Don’t stress about professional emails: 3 tips for success

by Rebekah Kati, Head Editor, INALJ North Carolina

Don’t stress about professional emails: 3 tips for success

HPIM1534My first librarian job was also my first full time job.  I was excited to start – but also terrified that I would do something wrong!  One of the things that I was most anxious about was sending professional emails.  Of course I had sent many emails as a student, but I felt that writing emails as a professional would be different.

Below are three tips that I’ve learned since I started work.  Of course, workplaces will have different email cultures, but these general rules should help reduce any stress that you might have!

 

Make use of white space

Break up your thoughts into small chunks.  A paragraph of two to three sentences is much easier to read than a big block of text.  Also, be as concise as possible.  Your recipient likely receives many emails in a day and may not have time to read a long treatise.

 

Use indentation or bold text as emphasis, not caps

This probably goes without saying to such a tech savvy group, but don’t use all capital letters as emphasis.  This is considered to be equivalent to shouting.  Instead, use indentation or bold text to make your point.

Example: This text is indented!  Doesn’t it stand out?

 

Tone is tricky!

The hardest part of writing a professional email is tone and it takes years to perfect.  Email does not have the context obtained by body language and facial expressions, and sometimes a point intended to be firm or direct could be taken as rude or insulting to the recipient.  Whenever I need to write an email of this nature, I typically write a draft or two, and then let the email sit for awhile.  After I return, I can look at the email with a more critical and objective eye.  Also, it helps to write multiple drafts if the email is important.  Of course, one should never send an email while mad!

 

Naomi House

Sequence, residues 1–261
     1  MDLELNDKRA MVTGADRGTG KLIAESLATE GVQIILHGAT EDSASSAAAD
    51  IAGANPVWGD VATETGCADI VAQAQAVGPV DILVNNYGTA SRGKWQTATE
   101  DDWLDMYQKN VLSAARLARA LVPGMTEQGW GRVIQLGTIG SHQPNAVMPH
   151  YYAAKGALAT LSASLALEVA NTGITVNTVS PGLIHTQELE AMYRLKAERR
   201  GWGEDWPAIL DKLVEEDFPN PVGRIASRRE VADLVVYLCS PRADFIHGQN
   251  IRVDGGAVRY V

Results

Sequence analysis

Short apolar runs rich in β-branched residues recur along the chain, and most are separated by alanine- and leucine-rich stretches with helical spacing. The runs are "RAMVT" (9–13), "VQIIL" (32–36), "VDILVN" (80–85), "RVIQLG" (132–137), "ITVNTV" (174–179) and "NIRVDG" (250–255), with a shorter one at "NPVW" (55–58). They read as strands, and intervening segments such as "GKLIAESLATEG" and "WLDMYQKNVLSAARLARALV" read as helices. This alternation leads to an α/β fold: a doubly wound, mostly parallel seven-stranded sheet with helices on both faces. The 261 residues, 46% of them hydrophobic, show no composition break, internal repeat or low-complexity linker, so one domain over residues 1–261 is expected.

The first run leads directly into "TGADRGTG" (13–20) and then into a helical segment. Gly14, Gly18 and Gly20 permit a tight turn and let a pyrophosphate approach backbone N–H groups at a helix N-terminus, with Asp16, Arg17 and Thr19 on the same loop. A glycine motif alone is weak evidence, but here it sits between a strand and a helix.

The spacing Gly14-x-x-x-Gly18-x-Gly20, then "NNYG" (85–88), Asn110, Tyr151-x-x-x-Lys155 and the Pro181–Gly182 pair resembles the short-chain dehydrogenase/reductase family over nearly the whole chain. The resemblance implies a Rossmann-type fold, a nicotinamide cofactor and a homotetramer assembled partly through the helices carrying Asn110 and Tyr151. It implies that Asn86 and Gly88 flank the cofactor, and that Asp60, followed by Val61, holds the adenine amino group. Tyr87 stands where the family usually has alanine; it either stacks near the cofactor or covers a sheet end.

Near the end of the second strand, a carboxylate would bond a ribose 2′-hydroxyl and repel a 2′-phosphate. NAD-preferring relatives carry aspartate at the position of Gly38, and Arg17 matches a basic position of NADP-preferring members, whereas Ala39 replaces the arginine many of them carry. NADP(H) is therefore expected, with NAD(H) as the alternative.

Naomi House, MLIS, is the founder and publisher of the popular webzine and jobs list INALJ.com (formerly I Need a Library Job) and former CMO (Chief Marketing Officer) of T160K.org, a crowdfunding platform focused on African patrimony, heritage and cultural projects. INALJ was founded in October 2010 with the assistance of her fellow Rutgers classmate, Elizabeth Leonard. Its social media presence has grown to include Facebook (retired in 2016), Twitter and a LinkedIn group, in addition to the interviews, articles and jobs found on INALJ. INALJ has had over 20.5 Million page hits and helped many, many thousands of librarians find employment! Through grassroots marketing, word of mouth and a real focus on exploring unconventional resources for job leads, INALJ grew from a subscription base of 20 friends to a website with over 500,000 visits in one month. Naomi believes that well-sourced quantity is quality in this narrow job market and INALJ reflects this with many new jobs published daily. She has also written for the 2011, 2012 and 2013 LexisNexis Government Info Pro and many other publications in the past decade. She presents whenever she can, including serving on three panels at the American Library Association's Annual Conference in Las Vegas; as breakout presenter at OCLC EMEA in Cape Town, South Africa; as a keynote speaker at the Virginia Library Association annual meeting; at the National Press Club in Washington DC; McGill University in Montreal, Canada; the University of the Emirates, Dubai, MLIS program and the University of Hawaii at Manoa. Naomi was a Reference, Marketing and Acquisitions Librarian for a contractor at a federal library outside Washington, DC, and has been living and working in Budapest, Hungary and Western New York State. She spent years running her husband’s moving labor website, fixed and sold old houses and assisted her husband cooking delicious Pakistani food. She is preparing to re-enter the workforce and is job hunting. Her husband is now the co-editor of INALJ, a true support!  She has heard of spare time but hasn’t encountered it lately. She pronounces INALJ as eye-na-elle-jay. 

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